The Business layer & The Data layer
The business layer (also known as the business logic) is the bridge between the presentation layer and the data layer as it describe how the data is to be handled. The documentation should include:
Different kind of flow/process schemas for general as well as specific handling of the data.
The logic for how the data is handled in plain English.
Printable installation guide
Example of a description:
Suppose we have a dynamic chart that is populated with data from an underlying table which in return is based on data from a larger data list in a (hidden) worksheet. The values in the table are retrieved by using the SUMPRODUCT-function which includes several conditions as the following sample shows:
=SUMPRODUCT(- -(Target=”Forecasted”),- -(Sales_Stage =”Negotiation”),- -(Orders<>”Not booked “),- -(Values))
First of all, the formula itself should not be included!
Here is my way to describe it:
Sum all the values in the column Values for each Sales Stage that meets the following criterias:
Have the value “Forecasted” in the column Target
Have the value “Sales Stage name” in the column Sales_Stage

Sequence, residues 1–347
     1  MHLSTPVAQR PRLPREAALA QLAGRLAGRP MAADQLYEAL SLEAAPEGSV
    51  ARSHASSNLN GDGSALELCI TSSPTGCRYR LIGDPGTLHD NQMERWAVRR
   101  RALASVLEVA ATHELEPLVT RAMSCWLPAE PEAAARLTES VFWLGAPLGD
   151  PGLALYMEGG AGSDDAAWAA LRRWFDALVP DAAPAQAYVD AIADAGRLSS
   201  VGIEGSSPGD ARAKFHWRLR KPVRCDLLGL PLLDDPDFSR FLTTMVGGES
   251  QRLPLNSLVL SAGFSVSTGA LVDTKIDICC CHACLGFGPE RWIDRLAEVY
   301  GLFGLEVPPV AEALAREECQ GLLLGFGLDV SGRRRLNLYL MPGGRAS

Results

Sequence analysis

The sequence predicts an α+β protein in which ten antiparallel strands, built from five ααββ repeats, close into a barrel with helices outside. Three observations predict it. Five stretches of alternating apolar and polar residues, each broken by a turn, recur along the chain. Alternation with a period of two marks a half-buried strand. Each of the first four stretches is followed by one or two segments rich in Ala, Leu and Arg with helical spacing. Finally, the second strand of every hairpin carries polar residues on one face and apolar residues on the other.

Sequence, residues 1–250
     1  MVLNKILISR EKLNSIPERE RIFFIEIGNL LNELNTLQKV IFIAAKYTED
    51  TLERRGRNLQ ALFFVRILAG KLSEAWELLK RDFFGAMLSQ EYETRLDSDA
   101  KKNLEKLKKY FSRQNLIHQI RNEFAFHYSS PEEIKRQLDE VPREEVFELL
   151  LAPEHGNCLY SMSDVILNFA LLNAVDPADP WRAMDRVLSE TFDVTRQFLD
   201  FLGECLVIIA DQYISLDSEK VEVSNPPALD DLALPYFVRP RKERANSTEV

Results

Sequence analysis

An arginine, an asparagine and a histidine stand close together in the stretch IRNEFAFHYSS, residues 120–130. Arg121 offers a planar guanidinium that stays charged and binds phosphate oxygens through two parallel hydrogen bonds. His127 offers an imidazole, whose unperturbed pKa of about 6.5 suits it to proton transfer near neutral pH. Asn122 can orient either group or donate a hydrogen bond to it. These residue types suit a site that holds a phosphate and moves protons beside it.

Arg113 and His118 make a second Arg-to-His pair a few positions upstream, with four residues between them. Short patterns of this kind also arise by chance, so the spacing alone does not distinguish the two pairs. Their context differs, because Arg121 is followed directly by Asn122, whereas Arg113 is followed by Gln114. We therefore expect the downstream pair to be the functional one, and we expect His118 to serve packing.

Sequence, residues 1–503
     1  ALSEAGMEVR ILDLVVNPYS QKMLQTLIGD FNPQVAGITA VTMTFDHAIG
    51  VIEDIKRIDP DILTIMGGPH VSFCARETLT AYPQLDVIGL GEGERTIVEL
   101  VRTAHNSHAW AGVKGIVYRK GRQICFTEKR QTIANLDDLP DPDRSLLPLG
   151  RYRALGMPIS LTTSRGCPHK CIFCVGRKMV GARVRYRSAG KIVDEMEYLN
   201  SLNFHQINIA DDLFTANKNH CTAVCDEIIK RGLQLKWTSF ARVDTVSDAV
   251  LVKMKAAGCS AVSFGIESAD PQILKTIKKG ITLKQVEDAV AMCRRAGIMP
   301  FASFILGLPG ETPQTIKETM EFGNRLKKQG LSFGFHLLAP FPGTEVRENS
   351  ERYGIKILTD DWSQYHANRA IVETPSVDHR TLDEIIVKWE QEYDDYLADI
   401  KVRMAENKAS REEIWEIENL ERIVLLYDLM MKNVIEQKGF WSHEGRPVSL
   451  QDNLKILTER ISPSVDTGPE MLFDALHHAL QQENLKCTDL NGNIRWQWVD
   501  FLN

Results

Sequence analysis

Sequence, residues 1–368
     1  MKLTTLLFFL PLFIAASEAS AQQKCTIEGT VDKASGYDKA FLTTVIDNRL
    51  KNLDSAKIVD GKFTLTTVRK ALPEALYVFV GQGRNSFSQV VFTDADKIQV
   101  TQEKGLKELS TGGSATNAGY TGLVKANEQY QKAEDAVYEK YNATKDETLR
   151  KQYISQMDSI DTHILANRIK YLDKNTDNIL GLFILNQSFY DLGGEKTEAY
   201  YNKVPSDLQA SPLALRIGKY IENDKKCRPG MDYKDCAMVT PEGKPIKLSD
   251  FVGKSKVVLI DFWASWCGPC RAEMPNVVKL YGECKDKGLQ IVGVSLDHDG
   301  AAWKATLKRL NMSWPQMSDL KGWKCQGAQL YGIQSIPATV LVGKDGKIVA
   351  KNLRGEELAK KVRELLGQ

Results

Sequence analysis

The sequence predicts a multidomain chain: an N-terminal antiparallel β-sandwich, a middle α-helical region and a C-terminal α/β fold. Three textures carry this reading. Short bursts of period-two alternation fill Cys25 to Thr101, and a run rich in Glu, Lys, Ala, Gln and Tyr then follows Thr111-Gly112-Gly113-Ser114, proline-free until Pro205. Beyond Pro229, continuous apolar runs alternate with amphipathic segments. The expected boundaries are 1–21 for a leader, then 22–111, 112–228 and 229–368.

Do not have the value “Not Booked” in the column Orders
Use the “cluster”-technique to document all the central functions/formulas, i e avoid the situation to document each individual function. The same technique should also be applied to all the code that, in one or another way, handles the data.
By the way, I usually document all the names that are in use (as an attachment and as a more “technical” documentation) as well as anything that are not considered to be “standard”, i e:
Use of external libraries
Use of third part Active-X controllers
Reading and especially writing to the Windows registry
The documentation of the Data Access layer should include the following:
How the data is retrieved and updated
Where the data is stored, both actually data and in case of historical data (no longer in use)
Any clean up process before handle the data
Any special remarks about the data or the access process itself
Practice is the best approach to get used to document applications and Excel-applications are one of the more challenging applications as the presentation, the business logic and the data may be mixed due to the use of cells and worksheets.
Actually, I’ve find it to be a very good learning process over the years as it put a demand to describe the structure of the application in a logical way and to some extend it also reduce redundancies. In the long run applications will be better structured and therefore will be benefiting from the documentation process too.
The above reflect how I try to work with documentation and does not imply, explicit or implicit, to be the best practice. However, it gives a structural approach to meet the need of documentation.
In the next part I will make a wider approach and discuss providing help, both directly in the UI and through helpfiles.
Meanwhile how and when do You document Your applications?